It began with a vague notion that I wanted to write a novel about an actor who led a double life. The nineteenth century was a time when people had very strong opinions about chivalry and the need for respectability and therefore I thought the Victorian age would form the perfect backdrop for a story about deception. I have always loved nineteenth century literature and therefore was attracted by the idea of writing something in a similar formal style to those books I so admire. Consequently, my actor became Victorian. I made him highly respected but secretly gay. I wanted there to be a war in the book too, simply because I like writing about wars and researching them and the Boer War conveniently took place right at the end of the Victorian era. And that was how Edmund Jeffers sprang to life as Actor-Manager of the Colosseum in London, married but gay who, as a result of an indiscretion, finds his life in tatters, his wife estranged from him, his theatre lost. And in an attempt to recover his good name, he decides to go and fight in the South African war. It was the roughest sketch, nothing more, but it was something to work with.
I read voraciously anything I could find about the Victorian theatre, Victorian life/culture/politics, Victorian London, the Boer War, South Africa. I looked at maps, studied tour guides of the time, scoured contemporary newspapers and memoirs. The stack of notes grew and grew.
The research itself was inspirational. I found out about the real life Victorian actor, Sir Henry Irving and his Business Manager, Bram Stoker who were close friends and I modelled the characters of Edmund Jeffers and Charles Gray on them. I also came across the famous actress, Ellen Terry who worked with Henry Irving and reading about her helped me with the creation of leading lady, Marguerite Davenport. The Colosseum theatre in my book is loosely based on The Lyceum theatre in London where Irving and Terry performed together and which is still in use today.
I wanted to tell the story of a man who is essentially honourable but because of the constraints that society puts on him, he ends up living a lie. How would this same man behave if he was freed from those limitations? Our perceptions of honour and respectability interest me and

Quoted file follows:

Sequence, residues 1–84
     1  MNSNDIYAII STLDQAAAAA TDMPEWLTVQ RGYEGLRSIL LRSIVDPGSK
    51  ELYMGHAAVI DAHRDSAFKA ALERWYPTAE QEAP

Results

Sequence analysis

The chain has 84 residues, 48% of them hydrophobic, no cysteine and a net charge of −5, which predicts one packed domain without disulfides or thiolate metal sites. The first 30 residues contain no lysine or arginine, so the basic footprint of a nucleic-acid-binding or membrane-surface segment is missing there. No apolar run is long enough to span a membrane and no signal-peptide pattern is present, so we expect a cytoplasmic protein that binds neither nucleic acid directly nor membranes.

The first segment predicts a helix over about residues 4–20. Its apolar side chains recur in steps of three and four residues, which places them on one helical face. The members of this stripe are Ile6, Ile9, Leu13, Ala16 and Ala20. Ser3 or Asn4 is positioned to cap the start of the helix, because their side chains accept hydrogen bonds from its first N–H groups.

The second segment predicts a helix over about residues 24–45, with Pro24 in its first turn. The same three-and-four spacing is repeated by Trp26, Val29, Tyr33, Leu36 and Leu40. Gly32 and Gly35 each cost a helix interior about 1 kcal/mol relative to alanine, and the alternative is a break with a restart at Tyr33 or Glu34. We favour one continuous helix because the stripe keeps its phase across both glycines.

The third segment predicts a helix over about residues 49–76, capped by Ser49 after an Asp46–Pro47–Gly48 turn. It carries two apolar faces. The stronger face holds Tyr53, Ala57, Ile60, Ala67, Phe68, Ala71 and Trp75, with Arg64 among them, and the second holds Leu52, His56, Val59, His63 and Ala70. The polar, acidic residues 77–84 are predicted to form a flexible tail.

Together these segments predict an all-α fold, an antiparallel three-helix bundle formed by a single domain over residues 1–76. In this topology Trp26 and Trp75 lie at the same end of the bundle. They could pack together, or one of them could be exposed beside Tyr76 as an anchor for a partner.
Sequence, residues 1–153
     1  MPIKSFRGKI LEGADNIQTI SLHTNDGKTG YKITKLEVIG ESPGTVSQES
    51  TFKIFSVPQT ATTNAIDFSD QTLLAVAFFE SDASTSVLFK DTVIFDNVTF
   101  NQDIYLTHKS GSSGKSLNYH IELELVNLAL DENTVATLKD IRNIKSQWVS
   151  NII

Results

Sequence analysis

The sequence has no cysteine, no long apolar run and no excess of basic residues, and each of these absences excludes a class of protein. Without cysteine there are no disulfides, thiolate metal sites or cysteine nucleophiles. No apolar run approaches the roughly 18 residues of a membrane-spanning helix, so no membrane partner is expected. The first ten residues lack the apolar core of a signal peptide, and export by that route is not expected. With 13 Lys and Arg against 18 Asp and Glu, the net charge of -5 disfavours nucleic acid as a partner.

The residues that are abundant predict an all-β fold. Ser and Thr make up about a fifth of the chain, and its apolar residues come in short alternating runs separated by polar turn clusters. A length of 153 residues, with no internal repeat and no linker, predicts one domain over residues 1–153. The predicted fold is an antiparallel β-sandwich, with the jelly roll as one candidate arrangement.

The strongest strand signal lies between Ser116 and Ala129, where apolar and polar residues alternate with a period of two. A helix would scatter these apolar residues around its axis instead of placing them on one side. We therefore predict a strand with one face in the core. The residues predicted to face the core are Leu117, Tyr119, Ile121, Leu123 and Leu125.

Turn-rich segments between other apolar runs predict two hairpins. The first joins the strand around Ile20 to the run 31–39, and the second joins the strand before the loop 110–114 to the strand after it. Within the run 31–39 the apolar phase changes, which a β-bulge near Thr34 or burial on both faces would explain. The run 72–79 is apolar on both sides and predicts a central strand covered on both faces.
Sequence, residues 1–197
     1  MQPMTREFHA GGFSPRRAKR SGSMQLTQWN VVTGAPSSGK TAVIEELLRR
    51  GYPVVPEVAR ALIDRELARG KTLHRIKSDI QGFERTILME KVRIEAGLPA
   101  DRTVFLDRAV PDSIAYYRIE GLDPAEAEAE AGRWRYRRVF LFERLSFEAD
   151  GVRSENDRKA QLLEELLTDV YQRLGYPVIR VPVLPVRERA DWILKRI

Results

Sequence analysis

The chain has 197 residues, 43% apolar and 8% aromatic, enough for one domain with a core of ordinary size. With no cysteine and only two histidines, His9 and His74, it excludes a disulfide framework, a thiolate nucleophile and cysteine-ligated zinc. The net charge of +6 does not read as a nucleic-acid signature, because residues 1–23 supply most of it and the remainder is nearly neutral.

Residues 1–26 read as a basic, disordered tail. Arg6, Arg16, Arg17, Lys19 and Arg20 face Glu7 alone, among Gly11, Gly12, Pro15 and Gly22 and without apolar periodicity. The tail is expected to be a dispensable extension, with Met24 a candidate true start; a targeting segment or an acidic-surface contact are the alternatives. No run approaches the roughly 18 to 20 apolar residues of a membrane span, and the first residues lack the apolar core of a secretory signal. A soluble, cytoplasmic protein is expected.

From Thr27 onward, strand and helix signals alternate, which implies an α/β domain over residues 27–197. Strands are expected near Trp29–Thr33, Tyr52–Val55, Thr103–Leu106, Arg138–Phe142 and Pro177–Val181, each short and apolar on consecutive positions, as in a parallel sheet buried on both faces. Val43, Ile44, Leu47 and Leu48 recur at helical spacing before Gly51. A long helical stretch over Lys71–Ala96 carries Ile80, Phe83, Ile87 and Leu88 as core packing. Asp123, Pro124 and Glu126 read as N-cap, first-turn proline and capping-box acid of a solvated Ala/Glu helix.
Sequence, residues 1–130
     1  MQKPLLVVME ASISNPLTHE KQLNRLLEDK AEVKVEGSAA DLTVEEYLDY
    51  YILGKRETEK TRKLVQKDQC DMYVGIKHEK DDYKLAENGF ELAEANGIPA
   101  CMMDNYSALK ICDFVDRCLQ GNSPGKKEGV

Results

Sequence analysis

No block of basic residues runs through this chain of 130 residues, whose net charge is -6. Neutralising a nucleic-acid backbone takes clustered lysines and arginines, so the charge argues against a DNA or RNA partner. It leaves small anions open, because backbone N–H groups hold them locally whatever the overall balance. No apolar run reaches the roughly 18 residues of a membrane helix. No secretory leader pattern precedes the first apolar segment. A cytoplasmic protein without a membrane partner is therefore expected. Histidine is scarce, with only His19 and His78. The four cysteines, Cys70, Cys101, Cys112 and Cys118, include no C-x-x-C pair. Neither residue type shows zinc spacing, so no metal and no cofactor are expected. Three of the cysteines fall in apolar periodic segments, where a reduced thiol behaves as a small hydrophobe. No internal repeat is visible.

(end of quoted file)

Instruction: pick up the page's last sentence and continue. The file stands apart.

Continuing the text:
I wanted to explore the way in which, very often, we think they are the same thing.
The research never stopped but eventually the writing had to begin. It seemed too daunting to start on page one and work my way through so instead, I picked out what I considered to be the pivotal scenes and wrote those. Then I completed the rest in whatever order I felt like doing them. I did not re-read anything. By the end, what I had was a jumble of episodes without any direction. So then I tried to arrange them in a way that progressed the story and made some kind of sense. That was the first draft. It was like a preliminary drawing.
After that the really hard work began, adding colour and detail and fleshing out the narrative and developing the characters until finally, I had what I considered to be the finished painting.
The next obstacle was how to find a publisher and that was a long and arduous journey. Eventually, my manuscript found a warm and loving home with Poolbeg under the Ward River Press imprint.
Over the years, I have written serials, short stories, articles, radio plays and children’s books. Some were published, most were not. In 1999, I won the Molly Keane Memorial Creative Writing Award which made me very proud and was a great boost. It persuaded me that I was at least competent at what I was attempting to do.
From a very early age, my ambition has been to write a novel and I tried on several occasions but failed each time. Once I turned fifty, I knew if I didn’t do it soon, it would never happen. There could be no more excuses about lack of time or experience or know-how. All the courses and manuals and workshops in the world were not going to do the writing for me. I had to sit down, be brave, and just get on with it. Which is what I did.
And so, that vague notion I once had about an actor who led a double life has now become a book – The Curtain Falls – and my name is on the front cover! If that’s not a dream come true, I don’t know what is.
(c) Carole Gurnett
About The Curtain Falls
London, 1897. Edmund Jeffers is the most influential actor-manager of his day and in line for a well-earned knighthood. His theatre, the Colosseum, is a national institution. But there is a seamier side to London life with which Edmund is very familiar. His private life and public persona are two separate entities and when these two worlds collide he is thrown into a maelstrom of his own making. As he attempts to recover what has been lost, all those close to him are forced to re-evaluate their relationship to him and their own lives. While his wife Violet sets out to establish herself in a male world at any cost, his brilliant leading lady Marguerite Davenport is forced to face her own demons. Isolated, his career and his theatre in jeopardy, Edmund decides to take a drastic step.
The Curtain Falls is in bookshops now or pick up your copy online here.